According to the Lithuanian Quaternary stratigraphic chart (Satkunas 2009), which is based on the genesis of soils, the investigated soil is classified as a glacial deposit of the Middle Pleistocene Medininkai glacial period (gt II md). The Medininkai glacial period (195-128 thousand years) formed the coverage of an average thickness of 30-40 m. The maximum thickness of the layer is 50-100 m (Kavoliute 2012), the prevailing thickness approximately 10-30 m (Grigelis et al. 1994).

This study focuses on the mechanical properties of the till soils of the Medininkai glacial period. The main aim is to investigate the stiffness and deformation of these soils and to compare the obtained values with the properties of glacial till soils presented in the literature. In order to achieve the aim of the study, the soil was investigated with a triaxial pressure apparatus, direct shear apparatus and oedometer testing apparatus. The physical properties were estimated as well. During the in-situ tests the cone penetration test (CPT) was conducted and the borehole was described.

STUDY AREA

The investigated soil occurs in eastern Lithuania (Fig. 1). The deposits of the Medininkai glacial period are spread across the whole country, but are exposed on the surface only in the southeastern area. These soils cover approximately 1459.6 [km.sup.2] (2.25%) of Lithuania's territory.

Deposits of the second glacial period (middle Pleistocene II) occur in southeastern Lithuania (Fig. 2). In this side of the country, the deposits of the Medininkai glacial period are found on the surface and consist practically only of glacial (g II md) and fluvioglacial (f II md) sediments.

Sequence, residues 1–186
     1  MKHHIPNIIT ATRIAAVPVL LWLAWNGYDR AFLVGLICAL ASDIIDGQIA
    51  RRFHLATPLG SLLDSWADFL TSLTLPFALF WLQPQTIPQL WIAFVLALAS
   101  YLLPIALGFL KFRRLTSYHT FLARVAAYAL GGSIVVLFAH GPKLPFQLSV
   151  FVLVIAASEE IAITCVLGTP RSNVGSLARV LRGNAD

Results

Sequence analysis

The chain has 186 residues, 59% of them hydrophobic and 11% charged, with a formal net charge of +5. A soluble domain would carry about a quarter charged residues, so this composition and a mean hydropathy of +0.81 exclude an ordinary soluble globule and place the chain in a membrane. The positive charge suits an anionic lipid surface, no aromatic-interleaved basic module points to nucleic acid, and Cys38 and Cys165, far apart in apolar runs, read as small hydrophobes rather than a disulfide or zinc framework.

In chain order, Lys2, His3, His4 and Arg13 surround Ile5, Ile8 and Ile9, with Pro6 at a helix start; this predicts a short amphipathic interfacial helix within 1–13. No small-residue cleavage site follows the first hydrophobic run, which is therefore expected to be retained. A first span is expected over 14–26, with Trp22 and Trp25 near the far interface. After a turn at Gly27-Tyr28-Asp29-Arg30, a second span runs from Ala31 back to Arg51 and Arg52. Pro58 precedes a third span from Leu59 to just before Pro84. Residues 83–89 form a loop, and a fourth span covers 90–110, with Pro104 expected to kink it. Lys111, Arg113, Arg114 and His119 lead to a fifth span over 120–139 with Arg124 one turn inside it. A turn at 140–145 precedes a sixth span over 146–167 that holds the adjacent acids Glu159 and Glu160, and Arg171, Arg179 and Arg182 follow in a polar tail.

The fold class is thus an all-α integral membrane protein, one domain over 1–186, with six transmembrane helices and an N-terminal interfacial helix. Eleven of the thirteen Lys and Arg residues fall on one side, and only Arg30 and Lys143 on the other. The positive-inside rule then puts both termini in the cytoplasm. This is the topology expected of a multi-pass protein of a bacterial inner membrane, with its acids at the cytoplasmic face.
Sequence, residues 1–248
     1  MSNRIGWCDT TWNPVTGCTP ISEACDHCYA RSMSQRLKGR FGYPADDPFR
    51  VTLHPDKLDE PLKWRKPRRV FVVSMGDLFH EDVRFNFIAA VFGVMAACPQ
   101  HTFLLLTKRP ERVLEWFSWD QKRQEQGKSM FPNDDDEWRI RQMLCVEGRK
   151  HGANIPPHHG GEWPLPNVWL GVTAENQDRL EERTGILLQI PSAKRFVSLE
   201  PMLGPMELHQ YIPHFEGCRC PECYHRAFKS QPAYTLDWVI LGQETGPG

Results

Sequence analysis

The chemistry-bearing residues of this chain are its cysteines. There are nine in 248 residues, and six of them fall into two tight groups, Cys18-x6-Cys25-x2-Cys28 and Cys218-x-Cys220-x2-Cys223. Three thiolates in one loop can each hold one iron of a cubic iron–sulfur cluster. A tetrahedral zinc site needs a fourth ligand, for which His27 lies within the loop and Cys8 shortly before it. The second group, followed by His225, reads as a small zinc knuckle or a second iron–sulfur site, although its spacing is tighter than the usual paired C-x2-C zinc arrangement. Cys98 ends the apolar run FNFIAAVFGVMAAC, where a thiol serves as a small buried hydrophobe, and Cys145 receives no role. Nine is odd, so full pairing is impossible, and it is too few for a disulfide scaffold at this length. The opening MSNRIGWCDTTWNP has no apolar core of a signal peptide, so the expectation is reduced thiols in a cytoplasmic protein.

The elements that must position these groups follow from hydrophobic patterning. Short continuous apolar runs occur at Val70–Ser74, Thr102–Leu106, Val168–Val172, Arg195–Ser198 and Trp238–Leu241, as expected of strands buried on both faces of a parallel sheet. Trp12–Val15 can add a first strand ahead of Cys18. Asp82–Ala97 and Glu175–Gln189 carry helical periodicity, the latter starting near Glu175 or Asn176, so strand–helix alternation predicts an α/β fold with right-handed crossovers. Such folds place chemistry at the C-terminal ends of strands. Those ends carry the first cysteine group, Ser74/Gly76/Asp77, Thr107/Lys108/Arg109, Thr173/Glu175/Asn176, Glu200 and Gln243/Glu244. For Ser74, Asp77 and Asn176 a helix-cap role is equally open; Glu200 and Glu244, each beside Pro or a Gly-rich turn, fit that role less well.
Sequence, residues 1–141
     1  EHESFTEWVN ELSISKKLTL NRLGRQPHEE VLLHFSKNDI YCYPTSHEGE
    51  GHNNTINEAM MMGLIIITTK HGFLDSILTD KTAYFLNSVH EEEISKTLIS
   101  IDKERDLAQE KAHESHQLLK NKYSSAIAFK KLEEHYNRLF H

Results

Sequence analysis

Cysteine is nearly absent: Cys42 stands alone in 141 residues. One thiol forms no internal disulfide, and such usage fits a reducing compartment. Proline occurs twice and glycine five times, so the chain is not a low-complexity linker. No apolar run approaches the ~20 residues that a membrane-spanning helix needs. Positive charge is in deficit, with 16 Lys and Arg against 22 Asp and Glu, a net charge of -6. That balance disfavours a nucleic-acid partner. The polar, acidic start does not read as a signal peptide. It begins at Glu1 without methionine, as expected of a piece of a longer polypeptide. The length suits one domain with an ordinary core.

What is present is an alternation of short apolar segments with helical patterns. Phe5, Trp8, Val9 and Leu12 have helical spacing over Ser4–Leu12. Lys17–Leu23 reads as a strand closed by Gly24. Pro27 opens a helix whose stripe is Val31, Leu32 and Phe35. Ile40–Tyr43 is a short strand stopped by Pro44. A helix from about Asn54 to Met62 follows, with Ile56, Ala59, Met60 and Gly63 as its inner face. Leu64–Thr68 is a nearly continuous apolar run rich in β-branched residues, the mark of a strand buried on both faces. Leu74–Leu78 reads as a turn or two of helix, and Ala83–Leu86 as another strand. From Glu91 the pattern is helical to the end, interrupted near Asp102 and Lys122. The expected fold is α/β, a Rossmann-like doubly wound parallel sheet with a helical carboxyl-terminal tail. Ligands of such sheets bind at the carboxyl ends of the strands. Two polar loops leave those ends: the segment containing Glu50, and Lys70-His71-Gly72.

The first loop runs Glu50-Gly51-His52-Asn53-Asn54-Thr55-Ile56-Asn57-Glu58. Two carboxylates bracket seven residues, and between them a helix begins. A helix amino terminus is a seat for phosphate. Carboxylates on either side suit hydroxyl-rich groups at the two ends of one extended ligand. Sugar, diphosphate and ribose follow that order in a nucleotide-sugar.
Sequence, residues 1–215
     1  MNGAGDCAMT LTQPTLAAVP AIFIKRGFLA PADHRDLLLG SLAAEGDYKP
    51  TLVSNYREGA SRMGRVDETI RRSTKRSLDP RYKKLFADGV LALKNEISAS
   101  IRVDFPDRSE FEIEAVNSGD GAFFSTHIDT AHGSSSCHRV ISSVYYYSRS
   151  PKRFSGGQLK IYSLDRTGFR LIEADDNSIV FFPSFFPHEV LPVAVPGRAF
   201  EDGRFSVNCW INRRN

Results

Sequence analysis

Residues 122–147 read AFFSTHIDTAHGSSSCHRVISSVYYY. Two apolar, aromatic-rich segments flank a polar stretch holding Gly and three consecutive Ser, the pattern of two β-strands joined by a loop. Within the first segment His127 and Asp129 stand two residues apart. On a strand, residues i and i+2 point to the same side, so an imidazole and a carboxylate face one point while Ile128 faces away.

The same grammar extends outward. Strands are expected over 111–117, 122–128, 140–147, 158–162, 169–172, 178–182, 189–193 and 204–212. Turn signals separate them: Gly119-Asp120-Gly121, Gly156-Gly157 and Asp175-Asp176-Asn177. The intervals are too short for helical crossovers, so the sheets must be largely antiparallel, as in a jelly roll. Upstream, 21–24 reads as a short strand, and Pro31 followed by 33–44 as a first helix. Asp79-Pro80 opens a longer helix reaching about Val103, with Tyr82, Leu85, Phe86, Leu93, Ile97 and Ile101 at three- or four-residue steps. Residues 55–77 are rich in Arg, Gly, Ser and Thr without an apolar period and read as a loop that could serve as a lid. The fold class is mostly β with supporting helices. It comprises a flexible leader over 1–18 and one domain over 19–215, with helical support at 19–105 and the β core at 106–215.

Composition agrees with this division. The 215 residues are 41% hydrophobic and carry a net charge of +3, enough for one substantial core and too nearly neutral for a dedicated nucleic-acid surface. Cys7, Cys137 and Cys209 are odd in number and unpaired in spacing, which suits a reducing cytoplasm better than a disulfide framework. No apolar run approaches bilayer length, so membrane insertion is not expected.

In the study area in-situ tests were conducted: the drilling of boreholes (Fig. 3) and cone penetration (Fig. 4). During the drilling, the samples of disturbed and undisturbed soil were taken in order to analyse the physical and mechanical properties in the laboratory. The general depth of investigations was up to 20 m, extending through almost the full thickness of the Medininkai layer in the study site.

The borehole study (Fig. 3) revealed that the glacial till (g II md) deposits dominated under sediments of the Baltic stadial (f III bl). Till clay with medium sand lenses and interlayers were the most common.

PHYSICAL AND MECHANICAL PROPERTIES OF THE INVESTIGATED SOIL

According to the borehole description (Fig. 4), the analysed till soil of the Medininkai glacial period lies at a depth of 6 m and deeper. The samples for laboratory tests were taken from 8.4-8.6, 9.3-10.1 and 13.1-13.9 m depth intervals. Based on the cone penetration data (using cone resistance ([q.sub.c]) values), the analysed soil is classified as very stiff soil, when [q.sub.c] > 4 MPa (standard EN 1997-2:2007; CEN 2007). Cone resistance of the samples taken at depths of 8.4-8.6 and 9.3-10.1 m, was 6.0 MPa. The sample from 8.4-8.6 m was analysed by the direct shear and oedometer tests, the sample from 9.3-10.1 m by the saturated consolidated drained triaxial test method (SCD). Cone resistance of the sample from 13.1-13.9 m, which was analysed by the unsaturated consolidated undrained test method (UCU), was 8.0 MPa. The testing conditions with a triaxial cell device represent the engineering geological and geotechnical conditions of the investigated site (Fig. 3).

Physical properties

Physical properties of the soil were estimated, i.e., bulk density, moisture content and plastic and liquid limits were established and grain size distribution analysis of soil was carried out (Fig. 5, Table 1). Laboratory tests were conducted according to standards CEN ISO/TS 17892-4:2004 and CEN ISO/TS 17892-12:2004 (CEN 2004a, 2004b).

Based on the grain size distribution of the soils, according to the standard CEN ISO/TS 17892-4:2004 (CEN 2004a), the analysed soil samples are sandy silty clay till (sasiCl). There are practically no differences in the results of the obtained physical properties between the samples taken at various dephts.

Mechanical properties